Friday, 25 March 2016


Options are special. They are unlike other investments because they were invented (circa 600 BC) as a tool for reducing and managing risk. In other words, one person (the option buyer) pays for the right to transfer a specific risk to the option seller. The seller charges a fee (premium) and agrees to take on that risk in return for the cash.
Think of put options as being similar to an insurance policy whereby an investor can guarantee the value of a specific investment by purchasing a put option. As a reminder the put owner has the right to sell the underlying asset at a specific price (the strike price) at any time before the put option expires, thereby eliminating any further loss when the stock price is below the strike. That is very similar to how an insurance policy works. (If your house burns to the ground, you can sell it to the insurance company for the insured sum.)
When dealing with call options, in return for paying a premium to buy the option, the buyer gains all upside movement (above the strike price).
The seller accepts the risk of losing a large sum if the stock price surges. For example, if you sell the right to buy 100 shares of a given stock at $50 per share to another investor, then you must deliver that stock if and when the call owner elects to exercise his/her rights. If that stock is trading at $70, you must buy stock at $70 and sell it to the call owner at $50. That is a loss of $2,000 (minus whatever sum you collected when selling the option).
it is possible to gain protection against losing a large (essentially unlimited) sum when selling options. The way to do that is to trade a spread, rather than just selling calls or puts. The spread is a hedged (risk-reducing) position. Let's see how it works.
In addition to selling the call option, per above, let's assume that you also buy a call option on the same underlying stock, with the same expiration, but with a strike price of $55 per share.

The Trade (using options that expire on April 15, 2016)
Sell 1 XYZ Apr 15 '16 50 call
Buy 1 XYZ Apr 15 '16 55 call
 At first glance, this appears to be a foolish trade. After all, the only reason that you want to sell the Apr 50 call option is that you believe that this stock has little or no chance of moving as high as $50 before the option expires. If that is your belief, it seems wrong to buy the right to own stock at $55 when you believe that there is no chance for the stock to move that high prior to expiration.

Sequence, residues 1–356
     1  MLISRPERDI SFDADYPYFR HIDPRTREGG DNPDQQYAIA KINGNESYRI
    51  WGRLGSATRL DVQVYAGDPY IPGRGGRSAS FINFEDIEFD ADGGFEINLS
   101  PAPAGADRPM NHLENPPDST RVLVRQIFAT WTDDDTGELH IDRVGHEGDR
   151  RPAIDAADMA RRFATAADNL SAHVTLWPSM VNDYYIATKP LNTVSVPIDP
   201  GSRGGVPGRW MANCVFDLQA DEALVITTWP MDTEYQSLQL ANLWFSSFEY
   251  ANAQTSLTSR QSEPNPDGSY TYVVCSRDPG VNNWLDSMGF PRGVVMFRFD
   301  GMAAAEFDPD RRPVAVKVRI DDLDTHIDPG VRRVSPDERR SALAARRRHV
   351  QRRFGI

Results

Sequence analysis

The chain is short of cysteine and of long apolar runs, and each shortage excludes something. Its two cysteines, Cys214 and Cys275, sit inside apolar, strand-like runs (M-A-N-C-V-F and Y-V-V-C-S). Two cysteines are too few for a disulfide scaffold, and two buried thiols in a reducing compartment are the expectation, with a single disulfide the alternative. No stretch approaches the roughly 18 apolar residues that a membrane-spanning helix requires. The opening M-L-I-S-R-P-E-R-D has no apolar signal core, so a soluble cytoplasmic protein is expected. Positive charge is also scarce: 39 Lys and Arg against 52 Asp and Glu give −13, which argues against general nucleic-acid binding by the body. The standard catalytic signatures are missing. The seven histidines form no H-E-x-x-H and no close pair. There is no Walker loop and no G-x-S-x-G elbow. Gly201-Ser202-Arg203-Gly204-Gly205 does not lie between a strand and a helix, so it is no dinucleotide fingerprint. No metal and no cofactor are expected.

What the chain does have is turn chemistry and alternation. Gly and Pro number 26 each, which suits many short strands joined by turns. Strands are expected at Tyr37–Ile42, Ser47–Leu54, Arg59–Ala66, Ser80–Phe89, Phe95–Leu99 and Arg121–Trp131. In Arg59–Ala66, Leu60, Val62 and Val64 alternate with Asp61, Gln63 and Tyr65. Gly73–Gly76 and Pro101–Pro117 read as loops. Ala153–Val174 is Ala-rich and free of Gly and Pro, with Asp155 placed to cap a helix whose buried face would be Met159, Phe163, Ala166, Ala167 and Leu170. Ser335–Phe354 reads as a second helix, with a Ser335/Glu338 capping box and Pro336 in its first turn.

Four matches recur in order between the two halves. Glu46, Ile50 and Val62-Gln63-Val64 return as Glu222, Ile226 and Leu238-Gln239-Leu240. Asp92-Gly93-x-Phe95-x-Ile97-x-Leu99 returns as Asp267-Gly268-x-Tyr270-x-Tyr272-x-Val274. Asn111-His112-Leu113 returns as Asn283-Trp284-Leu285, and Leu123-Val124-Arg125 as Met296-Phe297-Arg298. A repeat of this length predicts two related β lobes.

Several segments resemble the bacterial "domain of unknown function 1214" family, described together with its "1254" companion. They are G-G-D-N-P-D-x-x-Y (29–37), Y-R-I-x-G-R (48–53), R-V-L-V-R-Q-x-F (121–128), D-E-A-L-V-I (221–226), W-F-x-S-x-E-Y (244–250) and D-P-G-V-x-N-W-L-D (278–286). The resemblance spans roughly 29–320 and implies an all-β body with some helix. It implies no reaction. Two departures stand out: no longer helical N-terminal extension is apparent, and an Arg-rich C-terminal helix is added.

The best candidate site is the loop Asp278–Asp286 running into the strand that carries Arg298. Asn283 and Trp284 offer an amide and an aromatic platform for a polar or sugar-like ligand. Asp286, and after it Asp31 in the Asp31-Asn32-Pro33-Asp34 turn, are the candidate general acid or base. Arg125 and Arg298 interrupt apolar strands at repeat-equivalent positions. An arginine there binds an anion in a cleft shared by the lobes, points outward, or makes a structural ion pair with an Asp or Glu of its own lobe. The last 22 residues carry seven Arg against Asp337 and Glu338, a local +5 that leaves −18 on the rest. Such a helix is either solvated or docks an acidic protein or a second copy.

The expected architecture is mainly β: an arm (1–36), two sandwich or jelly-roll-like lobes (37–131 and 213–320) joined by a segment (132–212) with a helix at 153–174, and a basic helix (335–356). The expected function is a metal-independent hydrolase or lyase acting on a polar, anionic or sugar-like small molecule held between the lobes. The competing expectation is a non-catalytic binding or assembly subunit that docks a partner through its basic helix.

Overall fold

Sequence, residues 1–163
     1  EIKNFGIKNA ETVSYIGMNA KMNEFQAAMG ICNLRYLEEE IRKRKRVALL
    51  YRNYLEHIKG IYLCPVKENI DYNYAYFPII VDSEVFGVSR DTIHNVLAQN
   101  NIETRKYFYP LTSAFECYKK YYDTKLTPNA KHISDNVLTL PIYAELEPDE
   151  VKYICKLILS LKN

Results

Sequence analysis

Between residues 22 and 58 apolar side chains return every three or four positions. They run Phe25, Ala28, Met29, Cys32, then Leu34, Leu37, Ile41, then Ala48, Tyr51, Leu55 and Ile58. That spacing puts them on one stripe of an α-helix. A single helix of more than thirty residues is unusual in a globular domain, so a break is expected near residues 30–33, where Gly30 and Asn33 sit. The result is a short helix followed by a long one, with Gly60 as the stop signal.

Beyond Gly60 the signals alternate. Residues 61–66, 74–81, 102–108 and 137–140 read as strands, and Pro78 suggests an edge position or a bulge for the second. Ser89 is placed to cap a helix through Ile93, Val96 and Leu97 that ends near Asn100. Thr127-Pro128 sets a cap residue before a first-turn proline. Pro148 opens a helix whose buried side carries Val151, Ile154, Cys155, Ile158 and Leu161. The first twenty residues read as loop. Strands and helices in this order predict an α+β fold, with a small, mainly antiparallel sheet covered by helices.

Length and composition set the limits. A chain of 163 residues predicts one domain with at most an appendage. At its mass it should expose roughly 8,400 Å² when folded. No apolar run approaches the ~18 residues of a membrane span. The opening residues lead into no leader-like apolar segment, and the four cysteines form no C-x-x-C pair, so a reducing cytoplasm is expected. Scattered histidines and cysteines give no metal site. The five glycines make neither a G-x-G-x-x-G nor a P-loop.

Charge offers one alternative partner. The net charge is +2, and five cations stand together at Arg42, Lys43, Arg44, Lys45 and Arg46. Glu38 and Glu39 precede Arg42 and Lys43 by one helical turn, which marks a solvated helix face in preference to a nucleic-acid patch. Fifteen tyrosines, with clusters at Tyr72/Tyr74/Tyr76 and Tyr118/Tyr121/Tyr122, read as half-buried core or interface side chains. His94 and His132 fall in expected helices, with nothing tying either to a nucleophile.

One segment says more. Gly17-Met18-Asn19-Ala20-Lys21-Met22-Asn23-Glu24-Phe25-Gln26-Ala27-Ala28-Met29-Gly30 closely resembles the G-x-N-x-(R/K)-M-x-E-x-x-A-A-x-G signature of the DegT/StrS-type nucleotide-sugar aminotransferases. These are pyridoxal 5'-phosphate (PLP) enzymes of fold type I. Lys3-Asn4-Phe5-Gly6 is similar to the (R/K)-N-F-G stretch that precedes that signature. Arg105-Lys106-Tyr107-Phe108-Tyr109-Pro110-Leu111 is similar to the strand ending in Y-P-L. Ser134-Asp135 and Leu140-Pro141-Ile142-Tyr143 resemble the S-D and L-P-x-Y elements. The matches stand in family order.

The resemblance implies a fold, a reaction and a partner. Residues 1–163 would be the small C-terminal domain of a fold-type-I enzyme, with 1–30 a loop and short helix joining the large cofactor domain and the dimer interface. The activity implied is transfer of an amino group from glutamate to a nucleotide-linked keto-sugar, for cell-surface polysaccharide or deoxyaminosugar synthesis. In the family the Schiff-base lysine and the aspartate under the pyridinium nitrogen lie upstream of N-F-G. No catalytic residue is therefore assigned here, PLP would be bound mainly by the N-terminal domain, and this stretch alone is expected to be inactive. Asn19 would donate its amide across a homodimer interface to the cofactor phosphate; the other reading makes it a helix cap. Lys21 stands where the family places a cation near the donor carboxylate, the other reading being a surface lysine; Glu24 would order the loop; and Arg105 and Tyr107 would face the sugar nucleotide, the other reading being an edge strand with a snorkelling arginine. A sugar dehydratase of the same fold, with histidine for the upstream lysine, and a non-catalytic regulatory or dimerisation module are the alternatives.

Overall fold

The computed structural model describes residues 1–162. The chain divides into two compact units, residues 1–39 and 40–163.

The traditional call option buyer expects the stock price to rise, thereby increasing the value of the call. However, you are not buying the Apr 55 call option as a bullish trader. Instead it is bought as a hedge. It is bought solely to reduce the risk associated with being short the Apr 50 call.

It is important to understand the subtle difference. You did not buy the Apr 55 call because you are bullish. It was bought as a hedge. You sold the Apr 50 call because you are bearish on XYZ and only bought the other call as a hedge.
It is important to look at the big picture. What you really did was to sell a call spread for a net cash credit. Therefore it is important to consider the spread as your investment and not be concerned with the fact that it is composed of two different options. When examining risk (the amount you can lose), notice that the maximum loss has been reduced to $500 (minus the cash collected from the option trades) and is no longer unlimited.
If you do sell this spread, and if the stock does rise to $70, you lose the maximum possible amount from this position. You must sell 100 shares at $50, just as when you sold the naked call option in the first example. However, this time there is no need to buy stock at $70 because you own the Apr 55 call and that gives you the right to buy stock at $55. Thus, you exercise your call option (paying $55 per share) and deliver those 100 shares to the owner of the call option, collecting the strike price, or $50 per share. The loss is $500 (less net premium collected).
And that is all there is to it. When selling options, do so with far less risk by selling a call or put spread instead.
There is a large number of spread strategies available to option traders. The primary purpose of spreads is risk reduction. In this example, the spread limits losses. In other examples, spreads can reduce the cash required to make an investment, again limiting losses.
NOTE: Profits are also limited when using spreads, but for most conservative traders, that is an excellent trade-off.
Options are your friends and it is important for every option trader to understand the basics of trading spreads.

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